Global benchmark Brent crude jumped above $65 a barrel for the first time in 2 1/2 years after one of the most important pipelines in the world was shut because of a crack.
When the state-owned oil company of the United Arab Emirates decided to sell a stake in its fuel-retailing unit, it had a lofty valuation target.
Oil is heading for a second weekly loss as investors turn their attention to expanding U.S. oil production and gasoline stockpiles after OPEC last month agreed to extend supply cuts.
Investor exhaustion with poor returns from the oil and gas industry may mean less financing to expand the U.S. shale boom next year, and less of a drive for consolidation.
Oil retreated amid worries that OPEC’s deal to extend production cutbacks may take U.S. shale activity to a whole new level.
UK economic growth is expected to stay “steady but subdued” over the next two years, according to the latest economic forecast from the Confederation of British Industry (CBI).
Oil extended gains following a third monthly advance after OPEC and Russia agreed to prolong production cuts through to the end of 2018 in their fight against a global supply glut.
OPEC and its allies outside the group agreed to maintain oil production cuts until the end of 2018, extending their campaign to wrest back control of the global market from America’s shale industry.
Oil dropped after an OPEC-led coalition of major crude producers left the door open to dropping supply cuts halfway through 2018.
Brent held near $64 after OPEC agreed to extend production curbs to the end of next year, giving the market what it expected.
Oil dropped for a third day as U.S. industry data showed crude stockpiles expanded and as OPEC ministers arrive in Vienna to decide on prolonging supply cuts past the end of March.
Tullow Oil today confirmed the completion of its refinancing of $2.5billion of Reserves Based Lending (RBL) credit facilities.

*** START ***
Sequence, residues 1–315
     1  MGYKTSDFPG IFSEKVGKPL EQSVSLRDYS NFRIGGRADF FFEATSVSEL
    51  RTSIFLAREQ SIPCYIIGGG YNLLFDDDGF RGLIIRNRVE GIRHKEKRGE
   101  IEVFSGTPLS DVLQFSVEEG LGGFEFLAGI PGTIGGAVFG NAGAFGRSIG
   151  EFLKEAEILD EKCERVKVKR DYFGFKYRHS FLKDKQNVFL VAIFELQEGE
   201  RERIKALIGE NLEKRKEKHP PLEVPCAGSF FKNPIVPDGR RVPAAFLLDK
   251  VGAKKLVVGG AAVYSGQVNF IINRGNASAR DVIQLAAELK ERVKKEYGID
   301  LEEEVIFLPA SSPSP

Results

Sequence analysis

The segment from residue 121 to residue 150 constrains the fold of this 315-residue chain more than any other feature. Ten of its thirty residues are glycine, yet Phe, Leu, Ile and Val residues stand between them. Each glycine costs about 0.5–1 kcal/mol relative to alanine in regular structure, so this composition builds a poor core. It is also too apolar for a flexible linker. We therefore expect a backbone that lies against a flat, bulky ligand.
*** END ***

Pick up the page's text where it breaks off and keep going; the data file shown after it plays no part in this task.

Shares in Royal Dutch Shell shot to the top of the FTSE 100 after the oil giant announced it was restoring its cash dividends after more than two years in the latest sign that the industry is emerging from an extended slump.
OPEC’s in a quagmire, foreshadowing disappointment for oil bulls counting on the group and its allies extending output curbs by nine months, according to Goldman Sachs Group Inc.
Oil major Shell said today that it would cancel its scrip dividend programme from the fourth quarter of 2017.
Oil advanced to a fresh two-year high as OPEC and Russia were said to have crafted the outline of a deal to extend their oil production cuts to the end of next year.
Oil headed for its best weekly advance in a month after an outage on the Keystone pipeline added to speculation crude supply could tighten and as investors await OPEC’s decision on extending output curbs.
Centrica plunged the most in 20 years as earnings are expected to fall below market consensus after a disappointing performance by its energy supply business.
Oil traders and analysts almost unanimously expect OPEC and Russia to prolong their production cuts next week. However, behind the scenes Saudi Arabia and Russia are still debating what course to follow.
Centrica is headed for its worst year as investor skepticism over the utility’s strategy and the political turmoil plaguing U.K. energy suppliers shows no sign of ending.
Oil headed for its highest close since June 2015 while trading volume surged after U.S. industry data showed crude stockpiles resumed declines and as investors await a decision by OPEC on extending output cuts.
OPEC has an Iraq problem: the group’s second-biggest exporter is lurching between quota busting and production-crimping crisis, clouding the policy-making picture as ministers decide how long they need to extend output curbs.
British Gas owner Centrica is scrapping standard gas and electricity tariffs (SVT) for new customers ahead of Government plans to impose a price cap on the costly energy products.
Oil held gains above $56 a barrel after surging the most in almost two weeks as Saudi Arabia’s energy minister said OPEC should announce an extension to supply cuts when it meets at the end of the month.
The private-equity owner of north-east energy service Proserv has underlined its faith in the business despite recent troubles.